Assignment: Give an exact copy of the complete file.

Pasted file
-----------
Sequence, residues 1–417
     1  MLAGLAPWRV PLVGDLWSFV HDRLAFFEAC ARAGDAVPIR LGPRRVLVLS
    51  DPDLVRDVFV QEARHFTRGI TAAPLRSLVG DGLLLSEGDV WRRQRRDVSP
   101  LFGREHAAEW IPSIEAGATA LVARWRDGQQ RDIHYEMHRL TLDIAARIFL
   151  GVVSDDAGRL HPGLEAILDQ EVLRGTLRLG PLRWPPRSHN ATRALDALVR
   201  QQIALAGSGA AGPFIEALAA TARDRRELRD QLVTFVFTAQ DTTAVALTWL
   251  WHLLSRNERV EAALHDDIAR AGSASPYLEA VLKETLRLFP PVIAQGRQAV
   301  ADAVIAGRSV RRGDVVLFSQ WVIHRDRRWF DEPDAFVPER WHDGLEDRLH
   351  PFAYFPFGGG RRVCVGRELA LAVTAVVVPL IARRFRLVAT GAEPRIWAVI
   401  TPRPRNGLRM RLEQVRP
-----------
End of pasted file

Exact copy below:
Sequence, residues 1–417
     1  MLAGLAPWRV PLVGDLWSFV HDRLAFFEAC ARAGDAVPIR LGPRRVLVLS
    51  DPDLVRDVFV QEARHFTRGI TAAPLRSLVG DGLLLSEGDV WRRQRRDVSP
   101  LFGREHAAEW IPSIEAGATA LVARWRDGQQ RDIHYEMHRL TLDIAARIFL
   151  GVVSDDAGRL HPGLEAILDQ EVLRGTLRLG PLRWPPRSHN ATRALDALVR
   201  QQIALAGSGA AGPFIEALAA TARDRRELRD QLVTFVFTAQ DTTAVALTWL
   251  WHLLSRNERV EAALHDDIAR AGSASPYLEA VLKETLRLFP PVIAQGRQAV
   301  ADAVIAGRSV RRGDVVLFSQ WVIHRDRRWF DEPDAFVPER WHDGLEDRLH
   351  PFAYFPFGGG RRVCVGRELA LAVTAVVVPL IARRFRLVAT GAEPRIWAVI
   401  TPRPRNGLRM RLEQVRP